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Aaliyah Bilal named winner of the 17th annual Ernest J. Gaines Award for Literary Excellence.

Baton Rouge, LA – The Baton Rouge Area Foundation today announced that Aaliyah Bilal’s TEMPLE FOLK is the winner of the 17th annual Ernest J. Gaines Award for Literary Excellence. This prestigious award, presented to an emerging African American fiction writer, celebrates the enduring legacy of the late Ernest Gaines, whose narratives eloquently capture the voices of African Americans in rural settings. A national panel of literary judges chose Bilal’s work from among 30 submissions, recognizing her exceptional talent in storytelling.   Aaliyah Bilal will be honored with a $15,000 prize to further her literary pursuits during a special ceremony at 6 p.m. on October 23, 2024, at the Manship Theatre in the Shaw Center for the Arts, Baton Rouge. 

“It is an honor to have my first effort, TEMPLE FOLK, chosen for the Ernest J. Gaines Award for Literary Excellence,” said Bilal. “I am especially proud to be associated through this award with the legacy of Mr. Gaines, as his oeuvre informs my ambition to tell timeless stories in plain spoken, elegant prose. Mr. Gaines teaches us how to do this sacred work with grace, grit, and love.”   

TEMPLE FOLK portrays the lived experiences of Black Muslims grappling with faith, family, and freedom in America. Through her narrative, Bilal offers a poignant look at the discrepancies between personal beliefs and actions. TEMPLE FOLK presents humanity’s moral failures with compassion, nuance, and humor to remind us that while perfection is what many of us strive for, it is errors that make us human. Born in Prince George’s County, Maryland, Bilal cultivated her writing skills at Oberlin College and the University of London’s School of Oriental and African Studies. Her stories and essays have appeared in publications like The Michigan Quarterly Review and The Rumpus. TEMPLE FOLK is her first short story collection.  

Previous winners of the Ernest J. Gaines Award include Mother Country by Jacinda Townsend; The Sweetness of Water by Nathan Harris; Everywhere You Don’t Belong by Gabriel Bump; Lot by Bryan Washington; A Lucky Man by Jamel Brinkley; The Talented Ribkins by Ladee Hubbard; Birds of Opulence by Crystal Wilkinson; Welcome to Braggsville by T. Geronimo Johnson; The Residue Years by Mitchell S. Jackson; The Cutting Season by Attica Locke; We Are Only Taking What We Need by Stephanie Powell Watts; How to Read the Air by Dinaw Mengestu; Big Machine by Victor Lavalle; Stellar Places by Jeffery Reynard Allen; Like Trees, Walking by Ravi Howard and; A Killing in This Town by Olympia Vernon. Find out more at   The application period for the 18th annual Gaines Award is now open. Please find details available at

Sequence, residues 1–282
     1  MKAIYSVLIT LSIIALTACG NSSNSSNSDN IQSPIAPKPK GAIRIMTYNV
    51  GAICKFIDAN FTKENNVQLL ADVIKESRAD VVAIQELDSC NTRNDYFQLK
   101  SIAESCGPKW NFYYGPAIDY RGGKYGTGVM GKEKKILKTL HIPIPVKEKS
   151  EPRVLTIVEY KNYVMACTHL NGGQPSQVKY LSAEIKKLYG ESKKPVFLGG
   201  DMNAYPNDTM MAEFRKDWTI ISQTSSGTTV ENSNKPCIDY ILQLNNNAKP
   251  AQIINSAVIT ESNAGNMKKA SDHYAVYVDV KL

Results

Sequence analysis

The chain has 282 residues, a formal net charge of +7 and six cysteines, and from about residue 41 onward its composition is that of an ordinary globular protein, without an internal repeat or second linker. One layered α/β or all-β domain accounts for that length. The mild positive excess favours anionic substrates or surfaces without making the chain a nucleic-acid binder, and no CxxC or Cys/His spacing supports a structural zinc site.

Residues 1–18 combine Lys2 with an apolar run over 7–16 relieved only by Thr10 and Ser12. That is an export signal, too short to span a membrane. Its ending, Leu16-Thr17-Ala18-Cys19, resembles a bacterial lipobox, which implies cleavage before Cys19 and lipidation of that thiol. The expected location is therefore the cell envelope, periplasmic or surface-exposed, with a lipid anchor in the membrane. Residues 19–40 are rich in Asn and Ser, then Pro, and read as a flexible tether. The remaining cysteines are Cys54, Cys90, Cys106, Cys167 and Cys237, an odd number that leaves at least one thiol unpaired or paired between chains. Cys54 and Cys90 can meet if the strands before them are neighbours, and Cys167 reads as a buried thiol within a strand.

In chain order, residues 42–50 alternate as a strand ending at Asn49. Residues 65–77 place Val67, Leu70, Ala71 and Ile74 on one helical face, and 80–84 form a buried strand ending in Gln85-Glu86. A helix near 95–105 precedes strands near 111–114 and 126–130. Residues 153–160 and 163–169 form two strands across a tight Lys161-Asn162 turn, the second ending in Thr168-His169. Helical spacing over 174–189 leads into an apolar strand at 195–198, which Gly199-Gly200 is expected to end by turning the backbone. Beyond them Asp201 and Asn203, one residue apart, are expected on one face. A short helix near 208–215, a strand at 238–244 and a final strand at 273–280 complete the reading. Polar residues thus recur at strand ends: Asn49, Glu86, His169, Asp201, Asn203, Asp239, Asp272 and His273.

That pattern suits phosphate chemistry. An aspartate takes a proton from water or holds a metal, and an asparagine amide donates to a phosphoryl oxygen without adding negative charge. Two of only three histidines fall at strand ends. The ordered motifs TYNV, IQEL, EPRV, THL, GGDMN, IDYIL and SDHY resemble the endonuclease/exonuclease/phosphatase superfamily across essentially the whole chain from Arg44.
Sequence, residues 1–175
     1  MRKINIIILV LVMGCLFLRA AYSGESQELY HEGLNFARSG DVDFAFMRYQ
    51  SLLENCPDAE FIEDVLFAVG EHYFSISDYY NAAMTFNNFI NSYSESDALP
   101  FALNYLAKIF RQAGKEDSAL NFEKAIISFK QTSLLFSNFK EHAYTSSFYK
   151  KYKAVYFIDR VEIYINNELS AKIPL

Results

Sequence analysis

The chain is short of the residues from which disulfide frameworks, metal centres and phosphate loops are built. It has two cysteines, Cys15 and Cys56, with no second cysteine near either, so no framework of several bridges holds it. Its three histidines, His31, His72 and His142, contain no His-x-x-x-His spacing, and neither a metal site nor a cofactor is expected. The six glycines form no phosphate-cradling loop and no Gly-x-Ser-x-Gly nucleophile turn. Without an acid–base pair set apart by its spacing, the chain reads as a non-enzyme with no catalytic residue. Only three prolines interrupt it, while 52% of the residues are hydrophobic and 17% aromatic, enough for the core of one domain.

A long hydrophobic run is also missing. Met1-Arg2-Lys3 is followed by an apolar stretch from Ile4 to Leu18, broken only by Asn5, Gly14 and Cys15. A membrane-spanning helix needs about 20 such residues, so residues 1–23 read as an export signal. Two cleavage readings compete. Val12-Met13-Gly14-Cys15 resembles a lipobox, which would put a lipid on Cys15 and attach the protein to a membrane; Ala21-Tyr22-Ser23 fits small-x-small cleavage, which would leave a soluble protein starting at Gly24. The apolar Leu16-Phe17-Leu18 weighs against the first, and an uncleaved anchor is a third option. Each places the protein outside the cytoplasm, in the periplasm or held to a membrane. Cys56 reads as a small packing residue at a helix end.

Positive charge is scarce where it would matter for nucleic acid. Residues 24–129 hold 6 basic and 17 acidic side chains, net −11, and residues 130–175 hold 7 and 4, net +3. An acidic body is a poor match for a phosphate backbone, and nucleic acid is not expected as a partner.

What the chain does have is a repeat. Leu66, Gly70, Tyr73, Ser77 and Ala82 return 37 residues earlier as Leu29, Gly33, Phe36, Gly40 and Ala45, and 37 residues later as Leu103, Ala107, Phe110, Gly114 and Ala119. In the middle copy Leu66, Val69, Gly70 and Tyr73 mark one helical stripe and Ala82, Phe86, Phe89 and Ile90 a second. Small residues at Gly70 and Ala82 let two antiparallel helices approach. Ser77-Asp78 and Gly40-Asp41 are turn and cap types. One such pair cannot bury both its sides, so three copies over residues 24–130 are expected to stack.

About Ernest Gaines: Literary legend Ernest J. Gaines was a native of Oscar in Louisiana’s Pointe Coupee Parish which served as the setting for many of his novels. During his lifetime, Gaines received a National Medal of Arts Award (2013), a MacArthur Foundation’s Genius Grant, and the National Humanities Medal among numerous others. He was a member of the French Ordre des Arts et des Lettres. His critically acclaimed novel The Autobiography of Miss Jane Pittman was adapted into a made-for-TV movie that won nine Emmy awards. His 1993 novel A Lesson Before Dying won the National Book Critics Circle Award for fiction.  

About the Baton Rouge Area Foundation: Among the largest community foundations in the country, the Baton Rouge Area Foundation seeks to improve the quality of life in greater Baton Rouge and across south Louisiana.     The Foundation pursues its mission by serving donors to build the assets that drive initiatives and solutions, supporting local nonprofits to ensure overall impact and sustainability, engaging community leaders to develop appropriate responses to emerging opportunities and challenges, and by partnering with others to leverage collective resources and create the capacity to be a stimulus of positive regional change.   

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